At Zero-Zero hair salon on Capitol Hill, politics and arguments go hand-in-glove with the haircut, especially if owner Todd Lucas is wielding the scissors.
"I break the taboo with some of my conversations," he admits. "I'm actually working on not being so heated. But it's hard not to be passionate about something you care about."
Though he plays down the political chitchat as simply a natural outgrowth of his personal interests, Lucas clearly delights in bringing the shop talk back to the barbershop.
"It's traditionally been the place in the neighborhood where you meet," he says. "It's a good arena to talk about these kinds of things. I have Republican clients. We have nice debates, share our ideas, respect each other's opinions. That's the sad thing right now. People don't talk enough. There's not enough dialogue."
It doesn't take but a few snips before Lucas (an Obama supporter) will mention the war or the presidential race. He's not afraid to voice his opinions, but he's also intent on what his clients have to say. And if the discussion spills over into the next work station, all the better.
Lucas says he's always been interested in politics and government, but this year he cares a little bit more. "Doesn't everybody?" he says.
His customers seem to be receptive. In a Yelp review of his visit to Zero-Zero, one first-timer wrote: "Todd is a smart, well-informed thinker. We started talking about the weather, as you do in Seattle, and then started talking about the diversity of microclimates all over. Then we switched to politics. Oh shit—politics, right? Bad conversation when a guy has got scissors to your head. But no! Excellent, well-informed, clear, specific conversation on the ups and downs of the nation."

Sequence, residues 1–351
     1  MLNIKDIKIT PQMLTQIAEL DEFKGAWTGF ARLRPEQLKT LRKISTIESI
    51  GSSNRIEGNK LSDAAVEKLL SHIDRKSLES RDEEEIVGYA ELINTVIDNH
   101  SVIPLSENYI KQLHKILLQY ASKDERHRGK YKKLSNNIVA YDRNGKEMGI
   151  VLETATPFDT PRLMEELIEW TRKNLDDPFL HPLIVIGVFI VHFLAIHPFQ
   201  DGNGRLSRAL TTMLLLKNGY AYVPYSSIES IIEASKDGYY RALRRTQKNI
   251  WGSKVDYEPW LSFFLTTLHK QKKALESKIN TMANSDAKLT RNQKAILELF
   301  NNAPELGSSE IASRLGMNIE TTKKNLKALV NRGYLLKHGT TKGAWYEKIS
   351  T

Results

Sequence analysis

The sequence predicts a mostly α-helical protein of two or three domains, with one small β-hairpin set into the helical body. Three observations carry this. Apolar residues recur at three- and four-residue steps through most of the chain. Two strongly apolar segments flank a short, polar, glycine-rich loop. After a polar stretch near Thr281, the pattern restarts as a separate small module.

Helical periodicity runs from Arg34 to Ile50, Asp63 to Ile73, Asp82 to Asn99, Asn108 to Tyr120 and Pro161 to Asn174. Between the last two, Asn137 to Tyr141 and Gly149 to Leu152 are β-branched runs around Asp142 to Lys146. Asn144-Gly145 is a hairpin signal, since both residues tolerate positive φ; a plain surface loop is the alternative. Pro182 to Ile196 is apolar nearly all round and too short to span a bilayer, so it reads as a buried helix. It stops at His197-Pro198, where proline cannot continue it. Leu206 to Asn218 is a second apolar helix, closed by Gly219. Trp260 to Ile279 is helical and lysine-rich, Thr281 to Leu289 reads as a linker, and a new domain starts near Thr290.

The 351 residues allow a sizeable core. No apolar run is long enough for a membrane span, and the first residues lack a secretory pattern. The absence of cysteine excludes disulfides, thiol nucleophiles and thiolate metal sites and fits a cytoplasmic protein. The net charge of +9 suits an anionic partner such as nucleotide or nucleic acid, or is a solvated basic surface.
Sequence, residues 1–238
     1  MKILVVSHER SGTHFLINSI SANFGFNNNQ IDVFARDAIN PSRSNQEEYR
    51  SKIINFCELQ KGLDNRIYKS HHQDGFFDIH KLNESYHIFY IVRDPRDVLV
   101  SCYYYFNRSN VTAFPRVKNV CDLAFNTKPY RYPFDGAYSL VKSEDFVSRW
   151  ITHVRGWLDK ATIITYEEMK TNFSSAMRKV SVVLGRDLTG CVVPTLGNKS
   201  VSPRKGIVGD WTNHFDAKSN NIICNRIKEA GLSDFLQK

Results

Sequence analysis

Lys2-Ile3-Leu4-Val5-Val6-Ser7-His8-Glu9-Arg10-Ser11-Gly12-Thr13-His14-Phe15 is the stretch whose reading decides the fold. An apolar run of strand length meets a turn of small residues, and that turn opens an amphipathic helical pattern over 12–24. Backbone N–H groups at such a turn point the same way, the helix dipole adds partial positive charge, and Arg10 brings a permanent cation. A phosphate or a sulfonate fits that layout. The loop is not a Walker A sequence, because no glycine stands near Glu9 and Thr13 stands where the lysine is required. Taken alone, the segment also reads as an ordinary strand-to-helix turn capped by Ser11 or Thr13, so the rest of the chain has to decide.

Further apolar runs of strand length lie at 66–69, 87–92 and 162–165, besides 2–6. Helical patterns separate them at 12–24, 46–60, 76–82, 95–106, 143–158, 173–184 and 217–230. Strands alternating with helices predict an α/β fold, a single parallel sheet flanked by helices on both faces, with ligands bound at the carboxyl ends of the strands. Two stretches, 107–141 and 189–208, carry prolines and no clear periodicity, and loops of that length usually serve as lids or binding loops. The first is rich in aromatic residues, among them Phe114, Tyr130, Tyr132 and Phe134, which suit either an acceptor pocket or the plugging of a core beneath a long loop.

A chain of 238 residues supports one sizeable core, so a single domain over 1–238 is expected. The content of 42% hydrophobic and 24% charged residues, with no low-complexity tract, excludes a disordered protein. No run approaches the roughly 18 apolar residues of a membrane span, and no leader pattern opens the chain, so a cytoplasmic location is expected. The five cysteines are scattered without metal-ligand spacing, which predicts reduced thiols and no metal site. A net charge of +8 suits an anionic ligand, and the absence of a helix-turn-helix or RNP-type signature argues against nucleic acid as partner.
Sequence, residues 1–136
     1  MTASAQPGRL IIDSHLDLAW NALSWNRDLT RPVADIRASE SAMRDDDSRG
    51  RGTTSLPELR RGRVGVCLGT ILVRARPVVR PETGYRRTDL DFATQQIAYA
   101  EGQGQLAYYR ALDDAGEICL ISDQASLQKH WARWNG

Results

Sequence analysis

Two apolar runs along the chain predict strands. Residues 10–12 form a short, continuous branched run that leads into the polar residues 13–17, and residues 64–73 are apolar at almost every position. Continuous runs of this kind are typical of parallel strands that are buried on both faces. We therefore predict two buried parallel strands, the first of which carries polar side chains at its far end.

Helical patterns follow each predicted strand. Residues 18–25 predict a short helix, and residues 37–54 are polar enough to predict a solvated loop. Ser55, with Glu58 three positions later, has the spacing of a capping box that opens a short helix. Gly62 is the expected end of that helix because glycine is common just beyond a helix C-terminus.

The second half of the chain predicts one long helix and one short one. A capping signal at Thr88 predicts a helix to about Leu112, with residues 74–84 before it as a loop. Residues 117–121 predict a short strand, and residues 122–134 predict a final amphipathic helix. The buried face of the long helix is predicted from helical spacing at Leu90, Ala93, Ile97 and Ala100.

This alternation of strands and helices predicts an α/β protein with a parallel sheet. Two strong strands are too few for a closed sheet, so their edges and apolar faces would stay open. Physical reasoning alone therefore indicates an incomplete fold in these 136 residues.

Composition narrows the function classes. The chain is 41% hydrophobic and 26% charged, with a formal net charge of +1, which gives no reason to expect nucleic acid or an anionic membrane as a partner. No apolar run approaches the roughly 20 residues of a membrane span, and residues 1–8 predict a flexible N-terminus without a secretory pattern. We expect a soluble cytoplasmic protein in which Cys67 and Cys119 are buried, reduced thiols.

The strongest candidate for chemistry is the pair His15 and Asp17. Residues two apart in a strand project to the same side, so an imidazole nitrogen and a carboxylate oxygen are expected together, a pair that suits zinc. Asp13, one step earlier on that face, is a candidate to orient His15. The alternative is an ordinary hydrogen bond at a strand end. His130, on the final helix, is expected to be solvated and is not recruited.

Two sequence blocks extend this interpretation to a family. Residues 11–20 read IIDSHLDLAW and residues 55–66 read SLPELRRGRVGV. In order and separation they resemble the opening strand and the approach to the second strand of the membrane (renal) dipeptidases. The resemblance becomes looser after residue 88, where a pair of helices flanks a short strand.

But Lucas says not everybody's into it.
"Some people would rather talk about movies and shoes," he says, adding that he's careful to read a person's body language. If they hunch over, they're likely not comfortable with the subject he's broaching. If they lean back, shoulders relaxed, they're more likely to engage.
Lucas opened Zero-Zero in 2005. He'd been cutting hair professionally for 20 years and had for the past decade been working for Rudy's Barbershop, managing the Capitol Hill store and overseeing human resources for all of the chain's Seattle locations. "I'd hit my ceiling there," Lucas says. "They were going more corporate. It wasn't my thing."
He also wanted to create his own atmosphere, which he says is about keeping things fun, allowing for creativity, and "having a higher sense of responsibility for his stylists." He says encouraging lively discussion and debate is an important part of that effort because it makes for better camaraderie in the salon.
But he's also truly concerned about the country's future. Lucas, who recently turned 40, says events in the 1960s, like the Vietnam War and the reaction to it, affected America for the next three decades. He believes we're at that kind of crossroads again. "When there are opposing ideals and no dialogue, it's never good for history," he says. "If I can at least be a part of getting that dialogue going, it's a good thing to do."—Aimee Curl
Video by Darren Lund.